Thursday, September 4, 2008


Compassion (karuna) is the ability to feel the distress or pain of others as if it were one’s own. The English word compassion has exactly the same meaning and comes from the Latin com meaning ‘with’ and passio meaning ‘suffering.’ Sometimes in Buddhist psychology, compassion is also refered to as empathy (anudayana), commiseration (daya), fellow feeling (anuggaha) or sympathy (anukampa). The most noticeable feature of the Buddha’s personality was his compassion and this compassion was not just something he felt for others or that they felt in his presence, it was also the motive for much of what he said and did. He said: ‘What should be done out of compassion for his disciples by a teacher who cares about their welfare and out of compassion for them, I have done for you’ (M.I,46). The Buddha visited and comforted the sick ‘out of compassion’ (A.III,378), he taught the Dhamma ‘out of compassion’ (A.III,167). Once, he went into the forest looking for a serial killer because he had compassion for his potential victims and also for the murderer himself (M.II,98-105). The Buddha’s compassion seems to have transcended even the bounds of time. He is described sometimes as doing or refraining from doing certain things ‘out of compassion for coming generations’ (M.I,23). Once he said that his very reason for being was ‘for the good of the many, for the happiness of the many, out of compassion for the world, for the welfare, the benefit and the happiness of gods and humans’ (A.II,146).
Compassion is the second of the four Brahma Viharas and was more highly praised by the Buddha than any other virtue because it is the root of so many other virtues. The Jatakamala says: ‘Compassion gives birth to all the other virtues just as cooling rain makes the crops grow. When a person is compassionate he has no desire to harm his neighbour, his body, speech and mind are purified, concern for his neighbour’s welfare increases and states like kindness, patience, happiness and good reputation grow. Being calm, the compassionate person does not arouse fear in the minds of others, he is trusted like a kinsman, he is not agitated by the passions, and quenched by the waters of compassion, the fire of hatred does not blaze in his heart... Remembering this, strive to develop compassion towards others, as if they were yourself or your offspring.’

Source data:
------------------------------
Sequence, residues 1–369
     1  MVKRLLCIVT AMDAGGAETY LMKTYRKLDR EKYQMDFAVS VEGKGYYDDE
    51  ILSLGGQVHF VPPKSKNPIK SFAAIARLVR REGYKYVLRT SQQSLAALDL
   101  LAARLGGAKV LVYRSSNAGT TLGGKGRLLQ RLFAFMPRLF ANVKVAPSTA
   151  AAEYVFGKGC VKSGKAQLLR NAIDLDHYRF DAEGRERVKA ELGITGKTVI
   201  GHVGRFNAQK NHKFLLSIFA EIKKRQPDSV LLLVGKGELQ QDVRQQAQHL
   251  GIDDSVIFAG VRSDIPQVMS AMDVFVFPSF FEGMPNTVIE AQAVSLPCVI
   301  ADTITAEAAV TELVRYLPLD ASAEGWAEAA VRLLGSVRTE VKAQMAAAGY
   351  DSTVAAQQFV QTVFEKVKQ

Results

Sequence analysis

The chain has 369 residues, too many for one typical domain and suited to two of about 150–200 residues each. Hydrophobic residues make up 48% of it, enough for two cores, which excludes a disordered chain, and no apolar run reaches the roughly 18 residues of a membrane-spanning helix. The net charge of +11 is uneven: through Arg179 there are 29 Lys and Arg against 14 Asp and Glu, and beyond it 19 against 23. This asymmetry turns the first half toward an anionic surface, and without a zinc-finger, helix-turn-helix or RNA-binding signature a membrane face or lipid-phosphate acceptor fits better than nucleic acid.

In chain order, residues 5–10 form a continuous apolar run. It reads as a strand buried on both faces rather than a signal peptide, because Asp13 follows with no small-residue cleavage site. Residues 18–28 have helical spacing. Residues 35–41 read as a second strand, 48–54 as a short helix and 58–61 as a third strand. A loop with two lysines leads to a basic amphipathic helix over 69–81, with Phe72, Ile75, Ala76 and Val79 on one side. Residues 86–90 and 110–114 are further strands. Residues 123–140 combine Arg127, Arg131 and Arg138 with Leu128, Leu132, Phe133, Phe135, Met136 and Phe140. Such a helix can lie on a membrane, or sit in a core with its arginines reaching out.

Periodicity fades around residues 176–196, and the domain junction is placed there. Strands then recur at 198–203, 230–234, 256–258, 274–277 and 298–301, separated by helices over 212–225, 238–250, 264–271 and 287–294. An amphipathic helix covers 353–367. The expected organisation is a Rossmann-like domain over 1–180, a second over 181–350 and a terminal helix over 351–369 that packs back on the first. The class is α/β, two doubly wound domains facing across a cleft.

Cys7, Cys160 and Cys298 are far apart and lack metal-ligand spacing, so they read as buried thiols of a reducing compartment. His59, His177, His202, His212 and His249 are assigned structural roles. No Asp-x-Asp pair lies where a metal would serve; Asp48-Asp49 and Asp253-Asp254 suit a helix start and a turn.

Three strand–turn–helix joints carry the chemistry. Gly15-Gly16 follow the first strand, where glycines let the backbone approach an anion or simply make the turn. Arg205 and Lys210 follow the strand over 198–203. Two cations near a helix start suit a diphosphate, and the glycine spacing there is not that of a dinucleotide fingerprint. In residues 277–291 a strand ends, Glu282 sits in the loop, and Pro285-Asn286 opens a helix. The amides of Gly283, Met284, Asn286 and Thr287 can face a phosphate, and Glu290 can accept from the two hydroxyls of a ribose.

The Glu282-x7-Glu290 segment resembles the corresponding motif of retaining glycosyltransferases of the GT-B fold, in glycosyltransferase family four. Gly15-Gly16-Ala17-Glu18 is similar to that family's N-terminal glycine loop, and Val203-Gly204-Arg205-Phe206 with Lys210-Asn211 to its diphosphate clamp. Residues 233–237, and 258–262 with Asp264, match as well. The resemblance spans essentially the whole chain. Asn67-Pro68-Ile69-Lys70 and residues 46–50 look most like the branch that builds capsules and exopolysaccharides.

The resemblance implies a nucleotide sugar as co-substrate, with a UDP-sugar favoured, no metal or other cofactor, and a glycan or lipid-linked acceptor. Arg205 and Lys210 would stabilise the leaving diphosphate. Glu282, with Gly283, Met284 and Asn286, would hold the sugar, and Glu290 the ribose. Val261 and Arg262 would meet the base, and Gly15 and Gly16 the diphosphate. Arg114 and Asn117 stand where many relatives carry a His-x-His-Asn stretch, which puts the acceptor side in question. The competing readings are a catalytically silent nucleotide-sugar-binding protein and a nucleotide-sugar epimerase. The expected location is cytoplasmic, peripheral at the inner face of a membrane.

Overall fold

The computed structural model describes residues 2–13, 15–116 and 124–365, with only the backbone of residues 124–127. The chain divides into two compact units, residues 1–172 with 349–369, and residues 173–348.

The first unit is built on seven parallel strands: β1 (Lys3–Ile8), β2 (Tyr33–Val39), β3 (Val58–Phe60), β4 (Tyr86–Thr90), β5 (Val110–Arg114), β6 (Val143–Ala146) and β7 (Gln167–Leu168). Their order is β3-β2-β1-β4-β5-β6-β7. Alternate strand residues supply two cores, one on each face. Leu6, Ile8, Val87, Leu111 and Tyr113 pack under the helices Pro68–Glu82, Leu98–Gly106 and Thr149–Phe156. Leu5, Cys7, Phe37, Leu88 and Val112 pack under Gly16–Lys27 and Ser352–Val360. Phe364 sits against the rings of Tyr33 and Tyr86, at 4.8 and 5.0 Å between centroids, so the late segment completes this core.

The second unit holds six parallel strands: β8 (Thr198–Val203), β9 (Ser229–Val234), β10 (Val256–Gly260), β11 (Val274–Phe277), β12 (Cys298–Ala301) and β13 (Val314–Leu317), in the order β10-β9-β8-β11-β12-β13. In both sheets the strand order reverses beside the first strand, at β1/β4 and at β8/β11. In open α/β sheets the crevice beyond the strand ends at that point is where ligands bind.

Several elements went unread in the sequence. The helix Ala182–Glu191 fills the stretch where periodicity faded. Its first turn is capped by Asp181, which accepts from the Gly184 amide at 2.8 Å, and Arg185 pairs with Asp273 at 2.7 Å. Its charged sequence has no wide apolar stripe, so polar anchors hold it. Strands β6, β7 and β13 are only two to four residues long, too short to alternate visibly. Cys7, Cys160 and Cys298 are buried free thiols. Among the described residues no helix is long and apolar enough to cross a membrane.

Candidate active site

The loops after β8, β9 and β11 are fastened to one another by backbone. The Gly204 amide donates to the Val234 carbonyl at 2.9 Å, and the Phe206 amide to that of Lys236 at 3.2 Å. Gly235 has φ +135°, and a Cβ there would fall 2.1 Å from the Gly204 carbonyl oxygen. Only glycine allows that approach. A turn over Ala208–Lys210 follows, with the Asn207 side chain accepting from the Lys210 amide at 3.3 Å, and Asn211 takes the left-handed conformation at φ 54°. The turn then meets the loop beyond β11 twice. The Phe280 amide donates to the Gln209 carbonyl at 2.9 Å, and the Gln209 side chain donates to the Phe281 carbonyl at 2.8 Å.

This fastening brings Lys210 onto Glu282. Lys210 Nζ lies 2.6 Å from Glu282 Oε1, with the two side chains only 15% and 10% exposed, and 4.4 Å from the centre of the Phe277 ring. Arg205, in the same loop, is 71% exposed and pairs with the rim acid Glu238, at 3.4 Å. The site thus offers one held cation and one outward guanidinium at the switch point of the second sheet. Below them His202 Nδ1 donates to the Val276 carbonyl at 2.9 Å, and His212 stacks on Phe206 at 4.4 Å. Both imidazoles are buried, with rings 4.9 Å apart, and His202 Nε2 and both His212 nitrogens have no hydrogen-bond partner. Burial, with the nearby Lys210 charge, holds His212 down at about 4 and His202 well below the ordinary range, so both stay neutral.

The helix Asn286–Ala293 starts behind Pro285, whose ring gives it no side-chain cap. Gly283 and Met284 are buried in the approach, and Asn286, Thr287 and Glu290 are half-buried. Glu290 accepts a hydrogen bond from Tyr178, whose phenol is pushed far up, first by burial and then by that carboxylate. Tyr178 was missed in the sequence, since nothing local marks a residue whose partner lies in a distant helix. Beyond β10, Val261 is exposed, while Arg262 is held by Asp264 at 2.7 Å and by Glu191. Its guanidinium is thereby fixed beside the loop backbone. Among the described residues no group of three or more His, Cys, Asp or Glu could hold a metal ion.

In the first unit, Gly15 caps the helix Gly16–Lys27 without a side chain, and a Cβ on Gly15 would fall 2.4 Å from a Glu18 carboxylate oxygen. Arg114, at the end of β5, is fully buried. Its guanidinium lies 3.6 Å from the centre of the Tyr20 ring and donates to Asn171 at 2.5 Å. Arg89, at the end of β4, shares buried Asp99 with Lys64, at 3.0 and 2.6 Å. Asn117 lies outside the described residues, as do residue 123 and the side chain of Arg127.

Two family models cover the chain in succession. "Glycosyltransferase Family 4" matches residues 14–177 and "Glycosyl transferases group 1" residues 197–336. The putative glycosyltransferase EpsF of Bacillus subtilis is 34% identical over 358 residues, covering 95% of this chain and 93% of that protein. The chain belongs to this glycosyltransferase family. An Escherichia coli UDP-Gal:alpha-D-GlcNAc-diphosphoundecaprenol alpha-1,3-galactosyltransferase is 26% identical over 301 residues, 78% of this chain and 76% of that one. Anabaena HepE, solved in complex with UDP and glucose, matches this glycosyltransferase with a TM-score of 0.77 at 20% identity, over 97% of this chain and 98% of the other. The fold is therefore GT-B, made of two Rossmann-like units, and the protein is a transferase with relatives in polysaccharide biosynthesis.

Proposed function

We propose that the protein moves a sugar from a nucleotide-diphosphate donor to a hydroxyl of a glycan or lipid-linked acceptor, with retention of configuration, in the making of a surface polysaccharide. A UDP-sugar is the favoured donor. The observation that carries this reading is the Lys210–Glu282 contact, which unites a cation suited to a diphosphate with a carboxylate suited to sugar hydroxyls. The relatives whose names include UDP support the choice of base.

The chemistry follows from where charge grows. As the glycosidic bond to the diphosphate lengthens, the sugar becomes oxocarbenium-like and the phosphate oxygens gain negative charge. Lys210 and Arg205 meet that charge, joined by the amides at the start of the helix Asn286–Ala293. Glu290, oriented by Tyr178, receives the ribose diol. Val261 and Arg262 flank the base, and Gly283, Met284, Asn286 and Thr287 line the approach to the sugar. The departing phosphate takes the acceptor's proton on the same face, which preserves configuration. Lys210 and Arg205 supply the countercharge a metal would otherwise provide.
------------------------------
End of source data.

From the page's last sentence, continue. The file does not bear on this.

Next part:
piotr.paweł said...


there is something wrong with PTS reference to story where the Buddha "went into the forest looking for a serial killer because he had compassion for his potential victims and also for the murderer himself (M.II,980)". There is no 980th page in this volume. :)

Shravasti Dhammika said...

Sorry! A mistake on my part. That should be M.II,98-105. This and all my references are to the volume and pages in the PTS editions of the Pali text. In Bhikkhu Bodhi’s translation it will be pages 710 to 717.

brakus said...

Bhante, isn't it more convenient to your readers to give sutta name or number as a reference. I doubt many of us have access to PTS editions.


Shravasti Dhammika said...

Then I would have to give (for example) the page number of Bodhi’s translation of the Majjhima, Horner’s translation, Thanissaro’s translation, etc. All these translations have the PTS’s references in them.

Brakus said...

Bhante, with due respect, I just want to say that in this post on "Compassion" reference (M.I,46) doesn't say much to many. If it would be for example M.15, it would be easy to find out that this is Anumana sutta.

Anyway, knowing exact sources or not, I really enjoy your blog postings.


Shravasti Dhammika said...

It may not say much but it is the correct reference to the quote as given. Have a look at page 131 of Bhikkhu Bodhi’s translation of the Majjhima Nikaya. Then have a look at the top left hand of thepage and you will see I, 46. It is quite clear. If you still cant fins it let me know.

Brakus said...

Bhante, it must be obvious by now that I'm writing from (I believe not quite uncommon) position of someone inspired by Buddhism, but living in a non-Buddhist, non-English speaking country, who also lack printed translations and rely mostly on what is available online. So, no BB's Majjhima Nikaya translation either :(

But what I have is the Buddhist website I maintain (free access, of course) with, among other, +600 suttas translated into Serbian (from English and Pali). So the real life scenario for me goes like this: I recently translated your very interesting series of postings on vegetarianism and also sexuality and it would be nice if I could give links from your quotations to actual suttas (if I have their translation), just to give readers somewhat wider picture and also possible inspire them to read a whole sutta. So my reason for raising this question is not trying to be picky about your excellent postings, but purely pedagogical :)

Maybe solution might be to give quotations like (M.I,46 / M.15), if it is not to much dukkha for you :))

With lot of Metta